Able Sea Chick Lora Van Uffelen
If you had asked me when I was in 8th grade what I wanted to be when I grew up, I may have said a teacher or a lawyer or a doctor. Growing up in West Michigan, the prospect of being an oceanographic researcher wasn’t really on my radar (or sonar!) but here I am ready to embark on an oceanographic experiment in the Philippine Sea.

I recently started a research position at the University of Hawaii at Manoa in the Department of Ocean and Resources Engineering.   When we started this blog last year, I was a postdoctoral research scholar (postdoc) at Scripps Institution of Oceanography, where I had also earned my Ph.D. in 2009.  Before that, I got a B.S. in Engineering from Hope College.  It may seem like a big jump to go from engineering to oceanography, but there was an important link between them: Acoustics!

Math and Science were always my favorite subjects in school but I also enjoyed playing in flute choirs and wind symphonies and teaching and performing piano. I read a magazine article that profiled an acoustical engineer and I thought that studying the science of sound was a great way to link these two very different interests. Through the website for the Acoustical Society of America, I found a summer internship opportunity to study ocean acoustics and headed off to San Diego. I spent the summer learning about how sound is used under water and I actually had the opportunity to go out on a ship for an at-sea experiment…that was all it took to get me hooked!

Performing experiments at sea is a lot of hard work, as you will see from later posts in this blog, but it is also a lot of fun and can be quite an adventure! We are going to take you first to Kaohsiung, Taiwan, where we are staging the experiment and then out on a ship into the Philippine Sea. Look for me on the pictures and videos…I’ll be the one with the pink hard hat!

Able Sea Chick Kathleen Wage
I am an electrical engineer who studies sound in the ocean and loves to spend time on research ships. I was born in Baltimore, Maryland, but I've also lived in Florida, Colorado, Tennessee, Massachusetts, and Virginia. The first job I can remember wanting to have was archeologist, mostly due to a fascination with an Egyptian exhibit that was touring the U.S. My passion for mummies eventually faded, but my interest in science did not. In high school I happened to read about careers in biomedical engineering. That sparked my interest in becoming an engineer, and led me to the engineering school at the University of Tennessee-Knoxville (UTK).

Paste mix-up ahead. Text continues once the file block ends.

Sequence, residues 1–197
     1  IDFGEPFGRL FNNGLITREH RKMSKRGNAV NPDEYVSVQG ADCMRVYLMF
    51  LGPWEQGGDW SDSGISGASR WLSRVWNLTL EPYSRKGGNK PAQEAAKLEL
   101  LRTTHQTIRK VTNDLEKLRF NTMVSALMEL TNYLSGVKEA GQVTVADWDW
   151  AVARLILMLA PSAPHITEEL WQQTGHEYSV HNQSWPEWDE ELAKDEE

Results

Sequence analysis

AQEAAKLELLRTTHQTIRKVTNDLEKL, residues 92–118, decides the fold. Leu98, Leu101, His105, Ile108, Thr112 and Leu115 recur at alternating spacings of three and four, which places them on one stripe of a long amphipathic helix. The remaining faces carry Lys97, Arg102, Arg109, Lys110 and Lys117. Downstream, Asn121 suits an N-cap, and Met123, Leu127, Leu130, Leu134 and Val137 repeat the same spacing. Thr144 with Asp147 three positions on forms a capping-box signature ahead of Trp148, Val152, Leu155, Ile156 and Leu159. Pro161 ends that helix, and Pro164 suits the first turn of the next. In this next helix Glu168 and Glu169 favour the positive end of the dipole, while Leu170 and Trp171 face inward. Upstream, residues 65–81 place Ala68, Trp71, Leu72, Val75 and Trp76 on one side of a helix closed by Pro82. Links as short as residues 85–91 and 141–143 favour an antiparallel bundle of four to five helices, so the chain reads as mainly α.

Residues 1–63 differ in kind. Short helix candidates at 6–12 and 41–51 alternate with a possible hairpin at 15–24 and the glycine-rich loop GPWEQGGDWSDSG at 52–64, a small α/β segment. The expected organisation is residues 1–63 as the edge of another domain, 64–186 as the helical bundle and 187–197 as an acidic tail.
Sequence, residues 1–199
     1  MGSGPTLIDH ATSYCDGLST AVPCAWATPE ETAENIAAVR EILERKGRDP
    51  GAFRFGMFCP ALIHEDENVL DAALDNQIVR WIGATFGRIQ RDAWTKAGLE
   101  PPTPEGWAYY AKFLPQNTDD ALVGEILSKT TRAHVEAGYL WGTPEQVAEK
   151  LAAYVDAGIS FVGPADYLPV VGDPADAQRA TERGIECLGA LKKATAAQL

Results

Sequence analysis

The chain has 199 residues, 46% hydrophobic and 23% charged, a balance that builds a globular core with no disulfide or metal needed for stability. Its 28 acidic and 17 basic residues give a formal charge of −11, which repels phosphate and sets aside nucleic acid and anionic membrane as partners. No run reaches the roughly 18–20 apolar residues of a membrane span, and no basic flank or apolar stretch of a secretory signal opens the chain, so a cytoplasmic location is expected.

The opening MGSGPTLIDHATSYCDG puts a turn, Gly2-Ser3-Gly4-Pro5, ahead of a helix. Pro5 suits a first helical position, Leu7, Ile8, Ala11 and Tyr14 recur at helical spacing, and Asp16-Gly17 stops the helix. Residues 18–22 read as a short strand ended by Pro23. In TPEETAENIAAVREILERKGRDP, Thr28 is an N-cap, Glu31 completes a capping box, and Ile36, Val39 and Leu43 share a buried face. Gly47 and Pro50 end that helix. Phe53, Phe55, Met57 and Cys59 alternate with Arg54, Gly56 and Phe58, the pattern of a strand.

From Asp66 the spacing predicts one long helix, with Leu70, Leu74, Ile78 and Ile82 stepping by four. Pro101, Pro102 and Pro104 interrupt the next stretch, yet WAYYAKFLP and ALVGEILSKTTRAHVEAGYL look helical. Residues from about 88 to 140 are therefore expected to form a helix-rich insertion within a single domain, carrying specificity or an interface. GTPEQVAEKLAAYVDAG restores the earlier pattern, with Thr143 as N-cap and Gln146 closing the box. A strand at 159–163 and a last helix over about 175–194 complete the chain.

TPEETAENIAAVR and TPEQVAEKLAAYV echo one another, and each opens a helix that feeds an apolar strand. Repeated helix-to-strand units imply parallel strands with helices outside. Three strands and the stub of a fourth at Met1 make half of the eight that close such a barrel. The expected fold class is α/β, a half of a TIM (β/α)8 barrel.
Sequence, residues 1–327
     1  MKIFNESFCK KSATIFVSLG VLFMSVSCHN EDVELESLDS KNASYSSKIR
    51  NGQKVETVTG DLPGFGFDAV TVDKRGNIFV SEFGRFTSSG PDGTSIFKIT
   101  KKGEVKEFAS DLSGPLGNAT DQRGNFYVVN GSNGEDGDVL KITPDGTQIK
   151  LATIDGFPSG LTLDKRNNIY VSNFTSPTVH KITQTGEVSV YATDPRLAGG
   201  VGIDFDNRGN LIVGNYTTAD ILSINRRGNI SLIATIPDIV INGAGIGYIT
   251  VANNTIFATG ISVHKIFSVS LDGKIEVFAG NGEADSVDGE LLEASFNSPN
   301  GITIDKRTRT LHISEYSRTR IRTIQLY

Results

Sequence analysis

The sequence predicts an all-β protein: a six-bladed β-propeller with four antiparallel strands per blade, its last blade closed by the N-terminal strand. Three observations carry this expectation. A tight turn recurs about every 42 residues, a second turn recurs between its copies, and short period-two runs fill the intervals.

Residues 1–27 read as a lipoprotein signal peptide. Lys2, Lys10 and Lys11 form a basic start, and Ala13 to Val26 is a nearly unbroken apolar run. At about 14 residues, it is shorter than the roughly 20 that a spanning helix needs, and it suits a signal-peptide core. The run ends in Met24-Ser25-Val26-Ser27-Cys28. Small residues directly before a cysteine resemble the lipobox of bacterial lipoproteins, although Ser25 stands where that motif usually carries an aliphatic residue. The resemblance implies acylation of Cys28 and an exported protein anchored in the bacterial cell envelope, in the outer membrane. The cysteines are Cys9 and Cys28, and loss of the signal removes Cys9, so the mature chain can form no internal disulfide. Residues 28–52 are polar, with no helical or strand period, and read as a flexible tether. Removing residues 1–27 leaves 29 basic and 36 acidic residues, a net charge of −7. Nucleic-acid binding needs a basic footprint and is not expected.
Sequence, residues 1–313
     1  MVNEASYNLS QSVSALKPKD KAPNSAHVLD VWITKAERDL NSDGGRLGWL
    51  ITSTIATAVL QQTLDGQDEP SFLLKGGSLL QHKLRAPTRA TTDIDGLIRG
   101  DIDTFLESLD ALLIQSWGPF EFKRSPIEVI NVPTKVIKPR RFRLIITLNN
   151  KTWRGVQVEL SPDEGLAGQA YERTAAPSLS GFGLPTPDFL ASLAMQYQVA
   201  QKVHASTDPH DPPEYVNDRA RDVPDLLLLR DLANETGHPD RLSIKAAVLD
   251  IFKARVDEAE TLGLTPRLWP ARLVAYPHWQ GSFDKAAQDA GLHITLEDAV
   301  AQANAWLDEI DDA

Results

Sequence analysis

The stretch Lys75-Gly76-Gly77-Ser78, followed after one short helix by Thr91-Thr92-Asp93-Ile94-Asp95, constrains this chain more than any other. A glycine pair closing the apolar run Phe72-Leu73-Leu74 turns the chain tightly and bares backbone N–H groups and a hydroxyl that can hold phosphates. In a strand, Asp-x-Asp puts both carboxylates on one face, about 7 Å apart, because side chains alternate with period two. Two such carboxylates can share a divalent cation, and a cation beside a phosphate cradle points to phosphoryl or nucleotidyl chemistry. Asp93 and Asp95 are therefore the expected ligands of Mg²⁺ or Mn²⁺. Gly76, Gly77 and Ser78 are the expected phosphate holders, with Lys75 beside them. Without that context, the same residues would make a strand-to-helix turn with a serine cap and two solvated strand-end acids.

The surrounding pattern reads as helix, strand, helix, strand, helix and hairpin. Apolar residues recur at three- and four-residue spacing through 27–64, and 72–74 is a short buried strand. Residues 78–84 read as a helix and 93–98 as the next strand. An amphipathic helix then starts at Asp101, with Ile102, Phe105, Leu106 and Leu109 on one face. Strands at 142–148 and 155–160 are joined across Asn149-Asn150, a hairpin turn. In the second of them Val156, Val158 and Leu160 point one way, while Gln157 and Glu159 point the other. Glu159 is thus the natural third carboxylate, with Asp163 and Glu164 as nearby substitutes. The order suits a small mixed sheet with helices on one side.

As a UTK student, I was fortunate to work as a intern at Oak Ridge National Laboratory for three summers. At Oak Ridge I worked on a project involving sonar signal processing, and based on this experience I decided I wanted to be a signal processor. After finishing my bachelor's degree in electrical engineering, I went on to graduate school at MIT. My advisor recommended that I apply to the Joint Program MIT has with Woods Hole Oceanographic Institution (WHOI). Since WHOI students get to go out on a 10-day cruise in the Atlantic on a 125-foot sailboat, I immediately said yes!

Today I'm a professor in the Electrical and Computer Engineering Department at George Mason University. I have a lot of fun teaching signal processing courses and doing research on ocean sound propagation. In 2009-2010 I spent the year at Scripps Institution of Oceanography. So far I've been studying ocean noise in the Pacific Ocean and the Philippine Sea and analyzing how sound propagates under ice shelves in the polar regions.

I hope you enjoy reading about our adventures onboard the R/V Revelle in the Philippine Sea. I'll be the one tossing sonobuoys overboard (see photo). If they ever make sonobuoy tossing an Olympic sport, I plan to try out for the U.S. Team!